ALP slices the breadline
Column in The Australian, 5-6 February 1994, p. 20.

“Above the Bread Line” was the name of the sandwich shop set up by Alan Griffith, until recently the federal minister for industry. The implications of that name have not received the attention they deserve. Instead, the media have dealt with an alleged diversion of party and government monies; with Griffiths’ resignation from the Keating-Liberal cabinet; and with his counter-allegations of blackmail.

The three (or four?) leaders of the nominal Liberal Party have done no more than ridicule the Government for possessing an industry minister who could not manage a sandwich shop, or huff about a non-existent prime ministerial cover-up. Next, John Hewson attacked Griffith’s replacement, Peter Cook, as an ACTU stooge who will not give industry what it most needs, namely, a deregulated labor market.

So far, no free marketeer has praised Griffiths for his adaptation of an existing method for sidestepping unionism and abolishing unemployment. The award-busting duo of John Howard and Peter Costello seem reluctant to acknowledge that at the very moment when their supposed leader had been advocating merely a minimum wage of $3 a hour for juniors, Griffiths had adapted methods for postponing payment of any labor costs until the business turned a profit.

Capitalists have to pay some wages so their workers can keep working. Of course, most workers will not be able to live without any immediate income. Griffith’s sub-contractor, Lyneete Harrison, thought she could afford to wait because her husband brought in money from his work as a truck driver.

While Hewson and Howard gabbled about the virtues of enterprise bargaining, Griffith was putting into practice an individual contract the virtues of which for capital have not been discerned by the Opposition. Costello’s 1986 victory against the union pickets at Dollar Sweets now looks like a limited legalism compared with the situation at Above the Bread Line. Nor were last year’s proposals for labor-market deregulation from the Minister for Industrial Relations, Laurie Brereton, as flexible as the Griffith-Harrison deal.

Grififths’ shop at Moonee Ponds might have been called Above the Bread Line, but the terms under which the parties established their business in mid-1992 meant that Ms Harrison began work for returns far beyond the breadline. He put up $25,000 while she agreed to work for nix until the shop turned a profit.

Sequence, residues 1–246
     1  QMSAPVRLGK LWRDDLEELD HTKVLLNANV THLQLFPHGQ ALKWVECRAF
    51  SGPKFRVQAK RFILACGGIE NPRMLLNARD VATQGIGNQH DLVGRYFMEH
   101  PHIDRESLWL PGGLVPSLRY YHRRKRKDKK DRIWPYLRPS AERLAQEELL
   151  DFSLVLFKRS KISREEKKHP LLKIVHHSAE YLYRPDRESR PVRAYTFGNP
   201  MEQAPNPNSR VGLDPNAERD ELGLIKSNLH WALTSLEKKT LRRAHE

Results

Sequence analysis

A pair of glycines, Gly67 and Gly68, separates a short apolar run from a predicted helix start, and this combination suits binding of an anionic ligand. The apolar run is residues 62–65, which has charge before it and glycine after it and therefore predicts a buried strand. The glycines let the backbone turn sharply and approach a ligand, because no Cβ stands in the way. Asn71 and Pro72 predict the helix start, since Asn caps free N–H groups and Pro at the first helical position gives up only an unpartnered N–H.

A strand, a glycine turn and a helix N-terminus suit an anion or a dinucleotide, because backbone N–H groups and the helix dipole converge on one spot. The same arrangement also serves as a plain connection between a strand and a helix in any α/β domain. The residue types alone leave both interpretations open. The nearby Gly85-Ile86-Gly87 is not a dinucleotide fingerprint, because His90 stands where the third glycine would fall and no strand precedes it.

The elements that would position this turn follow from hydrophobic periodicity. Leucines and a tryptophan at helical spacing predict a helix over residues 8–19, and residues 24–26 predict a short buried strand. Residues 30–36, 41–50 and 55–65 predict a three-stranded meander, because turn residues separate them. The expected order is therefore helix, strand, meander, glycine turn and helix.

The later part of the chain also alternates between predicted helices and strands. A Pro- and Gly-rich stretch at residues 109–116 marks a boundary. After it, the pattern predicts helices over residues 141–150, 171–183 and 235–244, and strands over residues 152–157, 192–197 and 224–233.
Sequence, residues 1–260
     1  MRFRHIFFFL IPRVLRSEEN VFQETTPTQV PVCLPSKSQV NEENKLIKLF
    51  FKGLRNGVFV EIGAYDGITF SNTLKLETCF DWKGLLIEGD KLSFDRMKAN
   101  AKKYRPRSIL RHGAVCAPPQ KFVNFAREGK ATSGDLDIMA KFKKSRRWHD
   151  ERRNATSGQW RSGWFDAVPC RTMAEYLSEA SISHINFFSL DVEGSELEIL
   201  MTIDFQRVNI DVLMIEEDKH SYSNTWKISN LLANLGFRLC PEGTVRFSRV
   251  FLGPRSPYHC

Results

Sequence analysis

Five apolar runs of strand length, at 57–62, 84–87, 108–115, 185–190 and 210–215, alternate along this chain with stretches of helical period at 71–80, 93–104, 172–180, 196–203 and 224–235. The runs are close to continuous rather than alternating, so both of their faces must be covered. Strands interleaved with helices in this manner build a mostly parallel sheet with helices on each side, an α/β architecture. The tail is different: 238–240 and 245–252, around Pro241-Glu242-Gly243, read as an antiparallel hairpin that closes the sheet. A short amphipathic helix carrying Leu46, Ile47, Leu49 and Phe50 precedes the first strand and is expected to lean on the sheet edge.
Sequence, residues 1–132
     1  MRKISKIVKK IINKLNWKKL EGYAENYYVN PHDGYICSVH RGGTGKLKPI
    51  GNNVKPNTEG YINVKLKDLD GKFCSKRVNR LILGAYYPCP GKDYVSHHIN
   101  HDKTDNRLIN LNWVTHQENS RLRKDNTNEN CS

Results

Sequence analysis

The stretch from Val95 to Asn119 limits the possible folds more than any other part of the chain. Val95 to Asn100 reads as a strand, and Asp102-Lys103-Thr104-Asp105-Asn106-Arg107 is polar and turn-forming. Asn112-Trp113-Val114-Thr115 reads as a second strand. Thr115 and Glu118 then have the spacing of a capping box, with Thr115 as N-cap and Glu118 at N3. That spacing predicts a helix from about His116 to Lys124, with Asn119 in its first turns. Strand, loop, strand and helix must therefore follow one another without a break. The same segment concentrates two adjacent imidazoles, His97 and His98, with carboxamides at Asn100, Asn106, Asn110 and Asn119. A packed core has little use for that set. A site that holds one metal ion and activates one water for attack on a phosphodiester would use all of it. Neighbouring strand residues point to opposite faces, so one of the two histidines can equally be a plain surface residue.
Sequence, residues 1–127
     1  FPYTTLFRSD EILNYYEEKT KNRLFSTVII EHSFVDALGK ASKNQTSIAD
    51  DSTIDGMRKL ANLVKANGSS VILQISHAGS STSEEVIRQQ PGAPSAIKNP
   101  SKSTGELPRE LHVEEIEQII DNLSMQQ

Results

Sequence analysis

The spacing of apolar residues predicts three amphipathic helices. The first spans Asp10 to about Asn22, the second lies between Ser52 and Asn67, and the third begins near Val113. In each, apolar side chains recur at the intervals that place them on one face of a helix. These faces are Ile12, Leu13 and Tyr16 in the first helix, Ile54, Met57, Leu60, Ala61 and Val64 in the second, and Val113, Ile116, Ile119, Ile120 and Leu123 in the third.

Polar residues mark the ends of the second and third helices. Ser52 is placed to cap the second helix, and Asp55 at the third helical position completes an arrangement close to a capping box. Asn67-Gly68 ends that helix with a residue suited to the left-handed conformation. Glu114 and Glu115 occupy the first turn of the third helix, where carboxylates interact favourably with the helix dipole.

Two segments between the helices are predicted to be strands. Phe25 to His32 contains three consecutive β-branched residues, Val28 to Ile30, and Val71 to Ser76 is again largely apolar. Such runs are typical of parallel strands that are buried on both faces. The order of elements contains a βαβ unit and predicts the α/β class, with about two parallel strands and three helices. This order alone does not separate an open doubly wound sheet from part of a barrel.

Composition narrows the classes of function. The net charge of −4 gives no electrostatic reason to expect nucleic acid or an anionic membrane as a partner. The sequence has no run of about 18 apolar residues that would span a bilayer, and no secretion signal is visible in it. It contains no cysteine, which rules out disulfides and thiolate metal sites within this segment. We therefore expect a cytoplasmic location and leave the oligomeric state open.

One objection to the interpreting their contract as a wage deal will be that Harrison was never an employee of Griffith. Rather, she was his partner in the small business. If that were the case, concern over wages and conditions under their enterprise agreement would not arise. The facts are the Griffiths provided the money capital and Harrison the physical and mental labor power. But that inequality is the everyday actuality of the wage-laborer under the rule of capital.

Employers in general are wont to talk about their employees as “partners” – or stake-holders – in the business whenever those owners want workers to perform more for less.

Moreover, bosses in the transport and building industries avid award conditions by creating independent proprietors who operate as sub-contractors. That contrivance, along with franchise-selling schemes, has been promoted as the ideal by the advocates of labor-market deregulation. Call employees “sub-contractors” and they are no longer subject to arbitration or minimum conditions. Naturally, they entered into the contract without the supervision or endorsement of the ACTU or the arbitration courts. The Griffith-Harrison case could be interpreted as an extension of that approach and as another enterprise agreement, a la Brereton’s scheme.

No only did Harrison forgo for a considerable time her weekly wage, but as a business partner she had no claim for paid holidays, sick pay or other benefits. Since she was not an employee, would Griffiths have had to make any contribution under the Superannuation schemes his government had set up?

Harrison’s situation raises issues to which commentators on enterprise agreements have alluded. Women will become even more vulnerable to increased exploitation because many are less skilled than men and so have less bargaining power. In addition, they are more likely to be in industries with very small workplaces, commonly one or two temporary part-timers.

The Griffiths-Harrison contract points towards an instant solution for unemployment. Economically Correct professors already argue that joblessness will not disappear unless the price of labour is allowed to float, mostly downwards. Now, Above the Bread Line has shown how the pool of jobless could be cleared overnight. Instead of Hewson’s minimum rate of $3 an hour, the unemployed need only to be repackaged as individual entrepreneurs. As such, they can’t expect a cash return until the business in which they are made partners shows a profit. But, hey presto, instead of one million unemployed, the economy will have one million small-business people.

Once again, Griffith has demonstrated the capacity of the Keating Liberals to keep far ahead of the policies of their parliamentary rivals. Were there any justice in politics, Griffiths would be sought after as minister for employment by both Liberal parties. Then, with the enterprise bargain of Above the Bread Line as their guide, the electorate would be left in no doubt that our advocates of labor-market deregulation really do mean business.